32-34 Mosley Street
Newcastle upon Tyne
0191 374 1157
I have found that locating good Thai food in Newcastle is as elusive as the Higgs boson. More so, in fact; apparently the latter has now been found, while my search for somewhere that can approximate to real Thai cooking has gone on in vain.
On each of the last two episodes of this quest, disaster struck. First at Mantra, and then at The Old Siam, my hopes were dashed on the rocks of inept cooking and duff ingredients.
My one-star review of The Old Siam resulted in a raw convulsion of rage on The Chronicle’s Facebook page. Apparently, a lot of people like this place and took the review quite personally. Bless. I only wish I could have reviewed the meals they had all enjoyed so much, or that they could have seen how abject mine was.
Anyway, it gives me no little pleasure to bring better tidings this week. Thanks to a new incarnation of an old friend, things are looking up on the south-east Asian front.
Nadon Thai opened up on Newcastle’s Mosley Street in March. It’s the third restaurant in the group, joining outposts in Morpeth and Durham. Mrs Diner and I enjoyed most of what we ate at the Morpeth original a couple of years back, so my fingers were crossed as we, and a friend who joined us for the night, were welcomed in from the dark with an enthusiastic round of wai bowing.
The place has been done out to look a bit like a beach hut on Ko Pha Ngan, lacking only a few hundred mushroom-addled backpackers and some banging psy-trance in terms of delivering a truly authentic experience.
The menu is a big one, but helpfully features pictures of the dishes for those who don’t care to read. As the food began to arrive I was impressed by the fact that what we were served bore a good resemblance to those pictures. A lot of it tasted pretty good too.
Shumai - steamed dumplings of prawn and pork - were pillowy bundles of goodness, their filling fresh and lively. I really enjoyed the almost shockingly sweet accompanying soy dipping sauce that was like an Asian version of salted caramel.
Nostalgia dictated that we order the prawn toast. A decent smear of blitzed-up shellfish and a good dose of sesame seeds made these enjoyable enough, although pretty greasy.
The papaya salad was not so successful, lacking the contrast of chilli fire and refreshing crunch that marks this out as one the world’s truly great salads. It arrived in a wooden mortar, which made accessing it a unwanted challenge. #wewantplates indeed.
My main of ginger steamed sea bass was a solid contender rather than a knock out champ. The ginger was soothing and restorative while the sauce had a palate-awakening sourness. However, the fish itself didn’t taste like the freshest specimen, the flesh being slightly pappy.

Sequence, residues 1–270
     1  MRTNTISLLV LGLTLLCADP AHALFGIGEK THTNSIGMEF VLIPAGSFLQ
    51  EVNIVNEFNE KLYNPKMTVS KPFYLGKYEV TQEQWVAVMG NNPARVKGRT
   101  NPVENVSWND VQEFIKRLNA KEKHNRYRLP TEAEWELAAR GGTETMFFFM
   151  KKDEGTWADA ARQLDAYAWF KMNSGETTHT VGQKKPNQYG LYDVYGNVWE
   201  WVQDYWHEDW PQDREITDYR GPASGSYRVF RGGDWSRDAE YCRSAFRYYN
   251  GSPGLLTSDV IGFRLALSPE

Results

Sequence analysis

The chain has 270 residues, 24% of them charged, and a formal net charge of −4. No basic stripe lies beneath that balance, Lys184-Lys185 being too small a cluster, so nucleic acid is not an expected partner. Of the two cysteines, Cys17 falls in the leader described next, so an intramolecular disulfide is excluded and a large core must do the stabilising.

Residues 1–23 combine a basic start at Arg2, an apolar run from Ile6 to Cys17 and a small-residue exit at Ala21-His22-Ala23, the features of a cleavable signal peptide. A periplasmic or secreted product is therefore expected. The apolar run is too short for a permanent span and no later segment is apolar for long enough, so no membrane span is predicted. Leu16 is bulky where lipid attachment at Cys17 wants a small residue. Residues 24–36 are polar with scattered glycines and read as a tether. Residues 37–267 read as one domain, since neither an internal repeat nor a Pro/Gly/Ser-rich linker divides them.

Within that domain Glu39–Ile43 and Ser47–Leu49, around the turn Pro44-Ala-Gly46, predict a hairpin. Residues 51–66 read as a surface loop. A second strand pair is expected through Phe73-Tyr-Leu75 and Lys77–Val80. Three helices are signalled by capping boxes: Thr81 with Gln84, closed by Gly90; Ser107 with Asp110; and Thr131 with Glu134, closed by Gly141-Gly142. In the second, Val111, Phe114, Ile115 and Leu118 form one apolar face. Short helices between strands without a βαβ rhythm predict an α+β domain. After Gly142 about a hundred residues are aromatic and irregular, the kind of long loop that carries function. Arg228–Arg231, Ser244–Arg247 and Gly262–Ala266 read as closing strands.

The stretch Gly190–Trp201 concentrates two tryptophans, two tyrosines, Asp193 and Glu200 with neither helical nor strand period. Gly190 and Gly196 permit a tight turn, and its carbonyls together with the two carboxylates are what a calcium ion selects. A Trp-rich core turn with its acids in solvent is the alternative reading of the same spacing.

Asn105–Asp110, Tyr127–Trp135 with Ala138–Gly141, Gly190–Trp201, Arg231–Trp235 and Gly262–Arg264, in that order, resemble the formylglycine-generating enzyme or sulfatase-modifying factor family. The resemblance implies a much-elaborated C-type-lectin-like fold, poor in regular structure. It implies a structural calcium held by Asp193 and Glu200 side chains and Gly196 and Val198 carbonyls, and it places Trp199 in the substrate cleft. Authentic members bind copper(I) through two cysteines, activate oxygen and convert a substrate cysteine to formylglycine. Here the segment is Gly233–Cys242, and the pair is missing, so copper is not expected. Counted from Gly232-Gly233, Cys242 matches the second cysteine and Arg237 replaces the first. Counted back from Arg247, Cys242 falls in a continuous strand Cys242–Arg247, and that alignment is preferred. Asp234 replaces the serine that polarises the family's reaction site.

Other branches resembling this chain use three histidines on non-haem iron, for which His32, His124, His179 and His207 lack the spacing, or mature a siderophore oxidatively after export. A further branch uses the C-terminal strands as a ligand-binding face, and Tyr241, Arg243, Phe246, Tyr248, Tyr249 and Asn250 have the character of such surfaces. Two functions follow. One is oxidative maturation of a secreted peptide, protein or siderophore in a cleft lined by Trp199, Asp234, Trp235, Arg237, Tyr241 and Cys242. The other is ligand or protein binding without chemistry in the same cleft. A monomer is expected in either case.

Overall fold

Dish of the night went to our companion’s prawn tom yum hot pot. This murky bowlful possessed everything I look for in Thai cooking. I am happy to recommend this place for this dish alone. Prawns bobbed in a ferociously hot soup, which was the colour of fury, but also possessed sweetness, sourness, bitterness and saline funk in addictively well balanced quantities. As beads of sweat gathered in places they don’t often, I breathed a sigh of relief. The search was over.
Mrs Diners’ main of “weeping tiger” was a hot-plate sizzlefest in which garlic and chilli did most of the heavy lifting in a darkly savoury sauce. This was enjoyable, although probably the most westernised of the savoury dishes we tried.
The two puddings we shared were equally successful. Goblin green pandan pancakes contained some quite delicious coconut toffee.
Elsewhere, another pang of nostalgia for the “Asian” meals of my youth determined that we order a portion of deep-fried ice cream. The resulting orb justified the dictum that nothing cannot be improved by coating it in batter and bunging it in the fryer until it floats.
They have a decent list of wines, including some from Thailand. The bill came in at just over thirty quid a head before wine, inclusive of service, which was absolutely charming, although getting bowed at quite so often as this always takes me a bit to get used to. It must be the post-Imperial guilt or something.
If you’re in the market for value, then a two course happy hour special for under thirteen pounds is available, although it’s not clear from the website when the happiness starts or finishes. Give them a ring to find out.
Praise be! - there’s a Thai restaurant in town to which I’ll happily return. Not everything was brilliant, but there were flashes of the intense, beguiling and contrasting flavours that this most wonderful cuisine offers, and that’ll do for me. About flipping Thai.
It strikes me as slightly odd that the secret diner is so keen to find real thai food in Newcastle but then orders prawn toast, a typically Chinese dish? Nandon thai is a nice restaurant but the food is heavily westernised. As someone who has spent a lot of time living in Northern Thailand, this place can't compete with Old Siam in terms of authentic flavour. The high and mighty tone of secret diner's reviews would be fine if his/her facts were correct. The wai is not referred to as a wai bow, but simply the wai. And post imperial guilt shouldn't really have a place in a Thai restaurant since Thailand was never colonised...ReplyDelete